Phil Smith's verdict: Sunderland's alarming second-half showing leaves fans pondering familiar fears
There was a period where Sunderland looked like the side with the numerical advantage, but it was alarmingly brief.
For five or so minutes in the second half they created a string of chances, finding space and looking dangerous every time they advanced towards the final third.
Alex Pritchard crossed for Ross Stewart, who headed just wide, before seeing an effort of his own deflected just past the far post.
Lynden Gooch flashed an effort just wide from the opposite side of the box, and Luke O’Nien headed wide from a good position near the penalty spot.
That, though, was pretty much it.
Shrewsbury Town were level within ten minutes and it would be remiss not to say that it was well earned.
Despite David Davis being sent off just before the break, they came out with purpose and found gaps when they broke forward.
Dan Udoh’s strike was a fine one, but came at the end of a spell of pressure that the Black Cats struggled to deal with.
What came after that was even more alarming.
Shrewsbury, it should be noted, had played for 70 minutes with ten men just three days previous.
To compound that, the intervening period had seen them lose three of their senior defenders to injury.
Though their home form has been decent, they had come into the game on the edge of the relegation zone and in trouble. A side with serious designs on automatic promotion should have shown their ruthless streak here.
Sunderland had not been entirely convincing in beating Ipswich Town on Saturday afternoon, but the response to that had been broadly been understandably positive.
The Black Cats had ended their woeful run of form, having dug in against good opposition.
It was a platform to build on, the hope being that some confidence and fluidity would return from there.
At half time, they had everything in their favour.
The lead was earned, just about.
It had been a smart call to deploy Pritchard off the left flank, Sunderland recognising that Shrewsbury’s 3-5-2 system would leave space in between the wing back and the centre back.
Pritchard constantly picked up the ball in that pocket of space, with two centre forwards to hit in the box.
In the end he went it alone in the 16th minute, driving infield and curling a superb effort into the far corner.
Johnson’s side were far from dominant, their lack of full backs exposed at times. Shrewsbury were not sitting in, and there were times when Sunderland were struggling to deal with the running power of their opponents in the wide areas.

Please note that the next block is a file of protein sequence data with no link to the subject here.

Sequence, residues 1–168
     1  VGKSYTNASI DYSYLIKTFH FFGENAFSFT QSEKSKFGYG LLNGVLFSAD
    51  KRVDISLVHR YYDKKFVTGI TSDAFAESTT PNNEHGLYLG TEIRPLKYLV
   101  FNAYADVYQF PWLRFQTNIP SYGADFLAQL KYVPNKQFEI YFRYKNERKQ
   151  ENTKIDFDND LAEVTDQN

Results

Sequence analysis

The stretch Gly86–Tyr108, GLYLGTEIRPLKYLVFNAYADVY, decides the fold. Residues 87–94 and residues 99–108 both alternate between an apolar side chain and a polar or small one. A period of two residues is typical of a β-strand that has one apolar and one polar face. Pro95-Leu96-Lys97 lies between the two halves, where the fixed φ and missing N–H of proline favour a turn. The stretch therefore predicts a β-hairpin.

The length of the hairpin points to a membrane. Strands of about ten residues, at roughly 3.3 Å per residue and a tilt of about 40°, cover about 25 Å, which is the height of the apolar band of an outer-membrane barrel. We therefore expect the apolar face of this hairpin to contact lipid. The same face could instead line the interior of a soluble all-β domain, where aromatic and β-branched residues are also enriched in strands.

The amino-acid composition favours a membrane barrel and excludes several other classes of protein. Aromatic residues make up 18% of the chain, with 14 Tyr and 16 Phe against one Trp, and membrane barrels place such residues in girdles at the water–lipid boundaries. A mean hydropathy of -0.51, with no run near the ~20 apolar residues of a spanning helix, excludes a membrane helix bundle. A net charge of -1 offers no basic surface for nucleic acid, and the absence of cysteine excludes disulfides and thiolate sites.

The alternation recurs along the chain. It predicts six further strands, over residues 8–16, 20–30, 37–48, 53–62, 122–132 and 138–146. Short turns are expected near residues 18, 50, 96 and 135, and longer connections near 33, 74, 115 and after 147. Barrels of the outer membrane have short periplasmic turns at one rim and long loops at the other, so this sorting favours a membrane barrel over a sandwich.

That Nathanael Ogbeta’s repeated drives towards the box from the left did not deliver a goal at some stage was a matter of fortune for the visitors.
They had offered a threat of their own, though, and only a superb Marko Marosi save had prevented Lynden Gooch from adding a second.
Sunderland had done the hard work in the game, or at least they should have done.
Against ten they failed to build any real spell of pressure.
Shrewsbury looked comfortable defending in numbers and found it far too easy to get up the pitch and buy time when they won the ball back.
Sunderland were lacking cohesion, composure and quality.
In his post-match assessment Johnson laid the blame primarily at a lack of end product from the wide areas, with too many crosses missing their target.
His side had, alarmingly, produced just two shots on target in the 45 minutes that they played against ten men.
Though they spent the last ten minutes in control of possession and territory, Shrewsbury were rarely stretched.
Aiden McGeady and Leon Dajaku were brought on but neither offered much, the former visibly struggling after taking what looked like yet another whack on the top of his foot.
Rather than dealing with Sunderland’s disjointed look, the changes only added to the problems.
The Black Cats boss was despondent afterwards, and said he had made clear in the dressing room his disappointment with the opportunity missed.
He also said that it was not ‘crazy gloom and doom’.
Which was fair, to an extent.
Sunderland remain in the play-off places, five points off second with two games in hand. And, as he said, a win against Cambridge United would leave the points haul from this week of games looking relatively strong.
The issue for Sunderland supporters is that they feel this holding pattern is all too familiar.
This is the club’s fourth campaign at League One level and for so much of it, the situation has been similar to this.
Sunderland not far off, but not ruthless enough, not quite good enough to capitalise on opportunities that present themselves.
Perhaps most significantly, three-and-a-bit seasons at this level have shown that if performances are laboured, the results will catch up with you eventually.
The brutal truth is that for the last month or so, this Sunderland side has been deeply unconvincing in its level, at least against the standard of a side whose aim is to push for automatic promotion.
The injuries at full back have clearly not helped, Sunderland too often looking disjointed when earlier in the season the game plan looked clearer, the play so much sharper.
That they need a win at Cambridge United on Saturday is obvious.
But soon enough they also need to show a marked improvement in their all-round game.
There has been much to praise on and off the pitch to the direction taken in the last six months or so, but too many of the recent performances have been painfully familiar.
This was an alarming 45 minutes, lacking cohesion, fluidity and quality.
Rapid improvements are needed.